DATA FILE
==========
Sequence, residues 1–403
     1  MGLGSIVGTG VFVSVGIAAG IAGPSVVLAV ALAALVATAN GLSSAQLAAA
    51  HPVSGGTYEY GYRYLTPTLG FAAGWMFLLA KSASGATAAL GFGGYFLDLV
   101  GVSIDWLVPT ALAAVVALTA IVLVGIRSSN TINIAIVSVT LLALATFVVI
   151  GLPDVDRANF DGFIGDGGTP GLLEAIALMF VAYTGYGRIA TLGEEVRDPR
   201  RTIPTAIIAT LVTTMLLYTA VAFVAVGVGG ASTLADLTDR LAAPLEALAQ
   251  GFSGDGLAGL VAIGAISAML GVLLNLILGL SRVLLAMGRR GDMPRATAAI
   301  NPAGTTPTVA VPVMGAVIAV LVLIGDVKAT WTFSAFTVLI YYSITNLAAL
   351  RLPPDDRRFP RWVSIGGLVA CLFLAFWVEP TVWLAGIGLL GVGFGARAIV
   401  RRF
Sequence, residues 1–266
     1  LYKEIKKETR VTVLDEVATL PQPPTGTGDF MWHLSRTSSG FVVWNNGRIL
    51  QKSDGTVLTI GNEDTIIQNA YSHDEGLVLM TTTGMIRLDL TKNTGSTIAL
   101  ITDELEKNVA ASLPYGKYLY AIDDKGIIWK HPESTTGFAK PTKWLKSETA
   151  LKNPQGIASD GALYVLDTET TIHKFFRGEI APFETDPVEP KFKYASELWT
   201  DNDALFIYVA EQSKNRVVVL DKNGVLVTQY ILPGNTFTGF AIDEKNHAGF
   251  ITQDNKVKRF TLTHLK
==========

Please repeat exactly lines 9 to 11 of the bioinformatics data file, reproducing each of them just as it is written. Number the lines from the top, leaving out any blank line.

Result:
   351  RLPPDDRRFP RWVSIGGLVA CLFLAFWVEP TVWLAGIGLL GVGFGARAIV
   401  RRF
Sequence, residues 1–266